Sunday, May 22, 2022

Waterloo Sunrise: London From the Sixties to Thatcher (John Davis)

“Swinging London” was a term applied in the 1960’s to London as the city built a reputation for creative music and vivid fashion. This was in contrast to the “stiff upper lip” London that lived in austerity after World War II. London’s youthful swag and confidence belied a city that was undergoing a transformation, losing its industrial character, and becoming more white-collar. This transition, which slowly undermined that “swinging” city’s swagger, is detailed in John Davis’s Waterloo Sunrise: London From the Sixties to Thatcher.

Waterloo Sunrise: London From the Sixties to Thatcher traces roughly a twenty year stretch of fashion, vices, urban blight, and attempts at renewal, race relations, and local politics and how they influenced events on a national level, including the eventual rise of Margaret Thatcher to the Prime Minister’s office in 1979. Davis’s book has wonderful detail and bounces between serious and lighthearted. One section explores the changing tastes of London’s culinary scene; another chapter dives into the seedier side of London nightlife.


All in all, Waterloo Sunrise was a joy to read. Many of us in America know of 1960’s Britain through Austin Powers, the musical “British Invasion”, or James Bond. Thankfully, Davis gives us a deeper look at a city that shared a lot of the same struggles and issues as our cities did on this side of the pond.


MY RATING - 4.5


Thursday, May 12, 2022

Ways and Means: Lincoln and His Cabinet and the Financing of the Civil War (Roger Lowenstein)

Much has been written about the economic differences between the North and South during the Civil War and how the North’s advantage in population, industry, and commerce were factors in their eventual win. The financial management of the North and South is a topic that is less known about. Roger Lowenstein’s Ways and Means: Lincoln and His Cabinet and the Financing of the Civil War addresses how the two parts of the country attempted to finance and govern their war efforts.

When Abraham Lincoln was elected in 1860, the government had no authority to raise taxes, no federal bank, and no official currency. The South’s secession and the subsequent war required both the Union and the secessionists to finance their war efforts. Each camp took vastly different approaches. Salmon Chase, Lincoln’s Secretary of the Treasury, developed a taxation strategy and financed bonds while battling to keep inflation in check. The South embargoed its main cash crop, cotton, and watched while inflation and poor fiscal decision-making drove runaway inflation and gradual starvation of the Confederacy.


Lowenstein also devotes a part of Ways and Means to the change in the federal government’s involvement in the lives of Americans. Pre-Civil War America was a state-driven enterprise, with the federal government a weaker federation having less direct control and influence in policy. The Republicans of the Civil War era were modernizers, permitting the construction of the transcontinental railroad, the formation of land grant universities, and increased government involvement in agriculture and eventually immigration policy. These reforms helped sustain and push the country along after the Civil War’s conclusion. Lowenstein smartly points out that much of those reforms and efforts helped push the North and West while the South lagged for decades to come. The country’s internal economic disparity remained significant between North and South until cities such as Houston, Atlanta, and Dallas began to attract large numbers of residents and immigrants, helping the South to shed its agrarian way of life and leave the Jim Crow era behind.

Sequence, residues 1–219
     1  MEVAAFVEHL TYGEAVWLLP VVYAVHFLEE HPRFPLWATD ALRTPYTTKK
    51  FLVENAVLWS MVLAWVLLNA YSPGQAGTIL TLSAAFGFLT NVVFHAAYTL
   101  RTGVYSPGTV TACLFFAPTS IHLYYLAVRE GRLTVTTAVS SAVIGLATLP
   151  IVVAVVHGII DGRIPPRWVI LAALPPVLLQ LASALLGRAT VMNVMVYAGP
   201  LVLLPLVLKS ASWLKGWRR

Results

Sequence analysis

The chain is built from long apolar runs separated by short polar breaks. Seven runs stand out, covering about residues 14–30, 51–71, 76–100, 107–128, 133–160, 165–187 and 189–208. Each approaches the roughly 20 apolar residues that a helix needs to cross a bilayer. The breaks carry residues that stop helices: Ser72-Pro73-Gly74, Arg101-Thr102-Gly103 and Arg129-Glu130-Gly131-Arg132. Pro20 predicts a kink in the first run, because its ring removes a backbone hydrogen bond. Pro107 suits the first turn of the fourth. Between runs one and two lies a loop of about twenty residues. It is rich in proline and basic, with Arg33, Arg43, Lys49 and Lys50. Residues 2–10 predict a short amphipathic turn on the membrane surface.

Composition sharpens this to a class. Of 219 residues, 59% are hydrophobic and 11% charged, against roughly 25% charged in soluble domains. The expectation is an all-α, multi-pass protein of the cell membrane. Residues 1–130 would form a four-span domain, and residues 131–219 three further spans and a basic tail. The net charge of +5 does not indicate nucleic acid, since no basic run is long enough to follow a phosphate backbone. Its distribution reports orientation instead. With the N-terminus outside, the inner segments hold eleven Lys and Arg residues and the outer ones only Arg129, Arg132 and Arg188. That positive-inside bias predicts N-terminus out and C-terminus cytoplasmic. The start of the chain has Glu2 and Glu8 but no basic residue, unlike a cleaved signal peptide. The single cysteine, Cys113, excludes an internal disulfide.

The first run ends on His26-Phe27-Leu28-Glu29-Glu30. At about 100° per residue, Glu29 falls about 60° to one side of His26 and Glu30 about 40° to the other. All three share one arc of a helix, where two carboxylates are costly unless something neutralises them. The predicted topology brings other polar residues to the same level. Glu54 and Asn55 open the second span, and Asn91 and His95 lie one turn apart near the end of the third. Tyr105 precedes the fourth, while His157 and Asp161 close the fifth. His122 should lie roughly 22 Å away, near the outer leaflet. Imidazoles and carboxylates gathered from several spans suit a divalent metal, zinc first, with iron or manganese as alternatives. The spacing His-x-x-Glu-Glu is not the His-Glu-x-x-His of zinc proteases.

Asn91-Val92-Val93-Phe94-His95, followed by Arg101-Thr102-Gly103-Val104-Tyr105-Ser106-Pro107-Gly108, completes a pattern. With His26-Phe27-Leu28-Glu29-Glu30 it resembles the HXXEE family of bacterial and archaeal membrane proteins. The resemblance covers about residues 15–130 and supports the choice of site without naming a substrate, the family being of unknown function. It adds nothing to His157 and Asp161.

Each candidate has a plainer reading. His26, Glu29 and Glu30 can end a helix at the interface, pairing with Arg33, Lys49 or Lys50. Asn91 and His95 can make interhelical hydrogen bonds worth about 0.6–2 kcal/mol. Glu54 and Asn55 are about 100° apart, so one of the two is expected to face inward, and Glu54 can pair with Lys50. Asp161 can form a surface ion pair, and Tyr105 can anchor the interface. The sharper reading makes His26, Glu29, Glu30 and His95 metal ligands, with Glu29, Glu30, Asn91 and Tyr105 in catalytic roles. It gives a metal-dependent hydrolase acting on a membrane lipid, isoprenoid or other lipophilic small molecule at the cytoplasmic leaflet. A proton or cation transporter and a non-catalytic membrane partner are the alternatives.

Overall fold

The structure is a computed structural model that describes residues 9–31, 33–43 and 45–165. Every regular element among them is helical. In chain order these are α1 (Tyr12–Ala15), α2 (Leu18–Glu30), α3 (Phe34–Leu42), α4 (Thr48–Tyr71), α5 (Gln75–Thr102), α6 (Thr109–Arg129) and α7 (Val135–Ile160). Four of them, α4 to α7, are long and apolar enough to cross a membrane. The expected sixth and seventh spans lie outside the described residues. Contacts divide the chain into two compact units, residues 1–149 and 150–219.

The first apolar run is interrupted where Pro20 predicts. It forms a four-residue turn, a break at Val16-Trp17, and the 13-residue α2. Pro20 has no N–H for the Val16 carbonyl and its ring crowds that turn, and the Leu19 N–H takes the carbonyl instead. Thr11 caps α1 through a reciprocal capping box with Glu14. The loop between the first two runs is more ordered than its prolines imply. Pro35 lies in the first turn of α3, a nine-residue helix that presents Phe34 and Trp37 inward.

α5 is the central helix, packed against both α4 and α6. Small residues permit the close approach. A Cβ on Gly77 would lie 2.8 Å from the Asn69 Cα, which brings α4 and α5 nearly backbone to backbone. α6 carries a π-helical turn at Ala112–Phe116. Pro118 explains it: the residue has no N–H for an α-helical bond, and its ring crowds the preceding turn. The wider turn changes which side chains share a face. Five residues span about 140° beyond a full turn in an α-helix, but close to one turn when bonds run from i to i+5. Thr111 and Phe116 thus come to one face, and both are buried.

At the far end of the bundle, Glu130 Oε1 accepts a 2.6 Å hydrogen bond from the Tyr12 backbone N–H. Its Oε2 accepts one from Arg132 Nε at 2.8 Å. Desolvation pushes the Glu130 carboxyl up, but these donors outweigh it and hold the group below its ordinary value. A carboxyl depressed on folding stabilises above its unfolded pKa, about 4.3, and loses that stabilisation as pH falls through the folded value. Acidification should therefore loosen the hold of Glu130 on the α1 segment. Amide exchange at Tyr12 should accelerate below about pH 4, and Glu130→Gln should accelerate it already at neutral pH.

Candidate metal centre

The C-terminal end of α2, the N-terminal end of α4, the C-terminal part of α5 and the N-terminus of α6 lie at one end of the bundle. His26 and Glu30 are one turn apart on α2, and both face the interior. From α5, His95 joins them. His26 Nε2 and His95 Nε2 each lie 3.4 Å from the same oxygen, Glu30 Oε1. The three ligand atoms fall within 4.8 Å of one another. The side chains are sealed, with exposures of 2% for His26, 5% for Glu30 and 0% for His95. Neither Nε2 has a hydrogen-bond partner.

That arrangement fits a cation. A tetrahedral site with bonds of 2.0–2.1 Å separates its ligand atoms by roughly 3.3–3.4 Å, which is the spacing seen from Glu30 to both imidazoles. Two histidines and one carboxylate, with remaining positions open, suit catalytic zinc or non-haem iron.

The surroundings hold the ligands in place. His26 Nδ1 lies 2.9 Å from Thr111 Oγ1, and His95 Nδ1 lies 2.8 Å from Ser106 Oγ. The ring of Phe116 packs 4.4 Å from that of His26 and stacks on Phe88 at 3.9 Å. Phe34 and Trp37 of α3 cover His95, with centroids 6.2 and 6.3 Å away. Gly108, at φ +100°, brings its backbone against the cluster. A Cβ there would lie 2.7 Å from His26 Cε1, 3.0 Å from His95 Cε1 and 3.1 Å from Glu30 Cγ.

Ways and Means is a great account of how fiscal policy can guide a country in tough times and how Chase’s creativity and resourcefulness helped in large part to save the Union.


MY RATING - 4.5


Friday, May 6, 2022

After the Romanovs: Russian Exiles in Paris from the Belle Epoque Through Revolution and War (Helen Rappaport)

Russia’s historical love for Paris dates back over 300 years, to when Czar Peter the Great traveled to Western Europe to learn about European customs. He sought to modernize Russia and draw it closer to a more technologically and economically advanced part of the world while also drawing Europe closer to Russia. While his trip wasn’t a total success, he did begin a long-standing fascination with Paris for many Russians. A number of Russian elites and artists had residency in or visited Paris frequently. As the Romanov czar era reached its tumultuous end with revolution in 1917, many Romanov family members and others who were anti-Communist sought refuge and survival in Paris.

Helen Rappaport’s After the Romanovs: Russian Exiles in Paris from the Belle Epoque Through Revolution and War is a richly detailed chronicle of the remnants of the Romanov family and other Russian elites and how they tried to rebuild their lives in France after the Bolsheviks took power and stripped them of their wealth and fame. Those that survived made difficult journeys by boat or land during the last stages of World War I, often while battling the influenza outbreak or other calamities along the way. Paris’s Russian immigrants faced challenges, including xenophobia, and often ended up in hardscrabble conditions during the 1920’s and especially the 1930’s. 


Rappaport’s book gives the reader a voyage into the Russian influence in Parisian art, dance, theater, and culture during the post-czar era. She also dives into how these expats hoped, plotted, and tried to influence the downfall of the Communists in the Soviet Union and how the Soviets worked to divide and subvert the anti-Communist movement.  After the Romanovs is an enjoyable, well-researched book.


MY RATING - 4.5